The optimal blood pressure (BP) guidelines in Asian populations have not been determined. We compared all-cause and cardiovascular mortality based on the Joint National Committee 7 (JNC7) and 2017 American College of Cardiology/American Heart Association (ACC/AHA) guidelines. The National Health Insurance System-National Health Screening Cohort (NHIS-HEALS) and Korea National Health and Nutrition Examination Survey (KNHANES) were utilized. BPs were classified into three groups according to each guideline, and survival rates were analyzed with Kaplan-Meier curves and log-rank tests. Hazard ratios (HRs) were calculated using multivariable cox regression analyses, and the discriminatory ability for clinical outcomes was assessed by Harrell’s C-indexes. The JNC7 guidelines demonstrated a linear association between BP levels and survival outcomes. Adjusted HRs from the JNC7 guidelines differentiated the hypertension group (≥140/90) from the pre (130/80–139/89) and normal (<130 and <80) BP groups in clinical outcomes. In contrast, the 2017 ACC/AHA guidelines showed inconsistent survival outcomes according to BP classification (normal: <120 and <80, elevated: 120–129, and <80, and HTN: ≥130/80). According to Harrell’s C-indexes, the JNC7 guidelines had greater discrimination ability in survival outcomes in the NHIS-HEALS dataset. Our results suggest that the JNC7 guidelines are more appropriate than the 2017 ACC/AHA guidelines in Korean populations.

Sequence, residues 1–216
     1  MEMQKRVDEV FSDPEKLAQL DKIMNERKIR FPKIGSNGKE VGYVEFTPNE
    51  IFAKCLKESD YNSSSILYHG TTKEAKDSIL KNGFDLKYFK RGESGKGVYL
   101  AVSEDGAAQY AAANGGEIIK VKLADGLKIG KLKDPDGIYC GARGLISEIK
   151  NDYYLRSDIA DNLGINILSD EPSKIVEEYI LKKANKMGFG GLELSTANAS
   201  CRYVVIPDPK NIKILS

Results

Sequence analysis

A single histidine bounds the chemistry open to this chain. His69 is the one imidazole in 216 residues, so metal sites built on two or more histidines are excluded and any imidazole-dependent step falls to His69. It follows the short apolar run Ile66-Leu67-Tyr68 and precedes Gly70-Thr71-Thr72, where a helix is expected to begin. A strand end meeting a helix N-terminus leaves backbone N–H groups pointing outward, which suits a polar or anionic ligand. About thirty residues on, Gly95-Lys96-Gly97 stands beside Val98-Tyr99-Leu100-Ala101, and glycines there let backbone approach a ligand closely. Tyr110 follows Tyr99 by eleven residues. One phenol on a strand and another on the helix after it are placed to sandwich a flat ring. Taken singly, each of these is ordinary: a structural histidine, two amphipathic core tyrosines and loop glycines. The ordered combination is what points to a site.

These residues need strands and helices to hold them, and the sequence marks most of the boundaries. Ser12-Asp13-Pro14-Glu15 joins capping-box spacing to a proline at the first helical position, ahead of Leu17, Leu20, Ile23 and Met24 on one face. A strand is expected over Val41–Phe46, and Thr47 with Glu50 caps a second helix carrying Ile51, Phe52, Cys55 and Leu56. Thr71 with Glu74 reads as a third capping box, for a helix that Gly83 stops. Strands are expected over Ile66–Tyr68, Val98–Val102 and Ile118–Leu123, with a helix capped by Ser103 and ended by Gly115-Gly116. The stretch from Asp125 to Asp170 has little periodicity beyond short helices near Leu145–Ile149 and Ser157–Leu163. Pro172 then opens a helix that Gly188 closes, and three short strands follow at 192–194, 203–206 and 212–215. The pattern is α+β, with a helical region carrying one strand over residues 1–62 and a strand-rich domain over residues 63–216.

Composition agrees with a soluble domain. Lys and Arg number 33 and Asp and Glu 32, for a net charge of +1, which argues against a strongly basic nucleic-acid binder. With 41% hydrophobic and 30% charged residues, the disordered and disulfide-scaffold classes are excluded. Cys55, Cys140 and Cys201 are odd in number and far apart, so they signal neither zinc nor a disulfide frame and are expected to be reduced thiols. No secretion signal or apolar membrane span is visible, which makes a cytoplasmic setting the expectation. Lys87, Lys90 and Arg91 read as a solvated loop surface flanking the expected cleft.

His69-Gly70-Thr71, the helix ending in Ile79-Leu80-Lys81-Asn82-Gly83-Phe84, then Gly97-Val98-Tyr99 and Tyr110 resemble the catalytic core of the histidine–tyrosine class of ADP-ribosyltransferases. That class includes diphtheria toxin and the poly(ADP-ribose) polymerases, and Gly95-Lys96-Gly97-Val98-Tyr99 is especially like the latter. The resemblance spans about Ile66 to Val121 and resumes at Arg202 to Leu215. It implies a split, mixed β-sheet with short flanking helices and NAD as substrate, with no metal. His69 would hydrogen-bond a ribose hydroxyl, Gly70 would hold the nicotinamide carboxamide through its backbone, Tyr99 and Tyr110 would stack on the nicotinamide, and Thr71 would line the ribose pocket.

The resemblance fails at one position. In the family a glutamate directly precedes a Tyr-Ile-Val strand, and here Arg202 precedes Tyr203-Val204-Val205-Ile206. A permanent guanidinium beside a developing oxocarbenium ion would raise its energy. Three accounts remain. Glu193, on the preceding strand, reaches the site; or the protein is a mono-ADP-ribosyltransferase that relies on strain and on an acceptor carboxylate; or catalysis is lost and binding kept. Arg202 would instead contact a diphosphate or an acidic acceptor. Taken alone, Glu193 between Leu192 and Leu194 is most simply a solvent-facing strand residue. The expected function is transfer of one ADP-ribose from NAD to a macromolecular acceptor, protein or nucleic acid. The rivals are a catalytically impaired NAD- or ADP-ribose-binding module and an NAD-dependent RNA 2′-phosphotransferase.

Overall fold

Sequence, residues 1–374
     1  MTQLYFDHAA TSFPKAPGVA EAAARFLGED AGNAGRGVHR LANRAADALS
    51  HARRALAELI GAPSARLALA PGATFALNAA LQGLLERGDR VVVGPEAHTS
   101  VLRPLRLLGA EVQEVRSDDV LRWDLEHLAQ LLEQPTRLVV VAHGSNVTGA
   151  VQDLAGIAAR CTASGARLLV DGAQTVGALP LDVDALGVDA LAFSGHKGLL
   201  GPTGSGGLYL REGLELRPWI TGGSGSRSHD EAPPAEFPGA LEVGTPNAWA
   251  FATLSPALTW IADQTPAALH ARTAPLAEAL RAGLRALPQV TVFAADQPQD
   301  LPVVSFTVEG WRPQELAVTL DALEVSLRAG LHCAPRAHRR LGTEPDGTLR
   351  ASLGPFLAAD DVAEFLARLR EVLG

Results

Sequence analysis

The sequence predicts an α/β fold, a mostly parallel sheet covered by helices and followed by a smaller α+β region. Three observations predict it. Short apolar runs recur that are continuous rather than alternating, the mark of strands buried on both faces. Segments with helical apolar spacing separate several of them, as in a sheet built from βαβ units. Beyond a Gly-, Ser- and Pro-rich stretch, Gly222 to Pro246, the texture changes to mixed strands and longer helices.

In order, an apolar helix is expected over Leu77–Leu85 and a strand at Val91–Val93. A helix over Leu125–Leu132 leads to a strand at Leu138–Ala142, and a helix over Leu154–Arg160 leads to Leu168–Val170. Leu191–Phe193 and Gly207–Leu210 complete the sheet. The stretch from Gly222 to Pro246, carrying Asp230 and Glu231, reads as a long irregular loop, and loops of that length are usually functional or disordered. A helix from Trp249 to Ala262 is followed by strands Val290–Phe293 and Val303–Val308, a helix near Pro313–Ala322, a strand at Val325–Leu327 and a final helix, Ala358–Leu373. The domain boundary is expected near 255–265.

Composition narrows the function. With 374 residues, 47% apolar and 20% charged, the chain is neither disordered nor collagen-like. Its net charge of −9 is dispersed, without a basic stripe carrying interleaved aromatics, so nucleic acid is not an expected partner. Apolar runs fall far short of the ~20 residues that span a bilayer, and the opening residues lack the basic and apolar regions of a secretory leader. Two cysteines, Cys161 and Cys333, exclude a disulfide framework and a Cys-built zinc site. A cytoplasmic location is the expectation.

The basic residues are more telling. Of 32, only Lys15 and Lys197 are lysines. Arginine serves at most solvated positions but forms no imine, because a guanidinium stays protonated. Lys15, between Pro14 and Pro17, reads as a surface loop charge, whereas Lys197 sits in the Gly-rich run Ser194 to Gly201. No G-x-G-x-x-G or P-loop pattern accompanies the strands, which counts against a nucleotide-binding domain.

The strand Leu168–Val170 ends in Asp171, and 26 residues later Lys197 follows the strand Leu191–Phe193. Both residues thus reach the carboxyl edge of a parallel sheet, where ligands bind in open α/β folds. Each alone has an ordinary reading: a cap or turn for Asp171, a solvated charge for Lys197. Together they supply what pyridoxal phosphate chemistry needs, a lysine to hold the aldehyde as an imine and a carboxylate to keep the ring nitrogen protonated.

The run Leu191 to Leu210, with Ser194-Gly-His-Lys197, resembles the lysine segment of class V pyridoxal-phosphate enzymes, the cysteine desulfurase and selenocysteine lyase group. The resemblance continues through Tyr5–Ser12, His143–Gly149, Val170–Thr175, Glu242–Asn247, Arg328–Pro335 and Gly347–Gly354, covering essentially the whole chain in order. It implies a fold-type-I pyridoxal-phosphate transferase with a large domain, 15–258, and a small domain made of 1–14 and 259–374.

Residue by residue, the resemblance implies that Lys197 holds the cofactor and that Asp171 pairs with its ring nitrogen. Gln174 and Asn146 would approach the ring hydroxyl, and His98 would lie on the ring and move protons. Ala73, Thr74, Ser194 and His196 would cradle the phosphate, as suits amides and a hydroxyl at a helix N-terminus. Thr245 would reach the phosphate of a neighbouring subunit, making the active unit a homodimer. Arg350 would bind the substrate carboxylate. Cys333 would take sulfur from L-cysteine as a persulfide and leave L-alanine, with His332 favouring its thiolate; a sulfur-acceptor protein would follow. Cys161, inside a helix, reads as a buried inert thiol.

|Journal||International journal of environmental research and public health|
|Publication status||Published - 2019 Dec 2|
Bibliographical noteFunding Information:
Acknowledgments: This work was supported by the pilot study of the Korea National Health and Nutrition Examination Survey linked Cause of death data by the Korea Centers for Disease Control and Prevention.
Funding: This work was supported by the Bio and Medical Technology Development Program through the National Research Foundation of Korea funded by the Ministry of Science, ICT, and Future Planning (NRF-2018R1D1A1B07049223), the Technology Innovation Program (20002781, A Platform for Prediction and Management of Health Risk Based on Personal Big Data and Lifelogging) funded by the Ministry of Trade, Industry & Energy (MOTIE, Korea).
© 2019 by the authors. Licensee MDPI, Basel, Switzerland.
All Science Journal Classification (ASJC) codes
- Public Health, Environmental and Occupational Health
- Health, Toxicology and Mutagenesis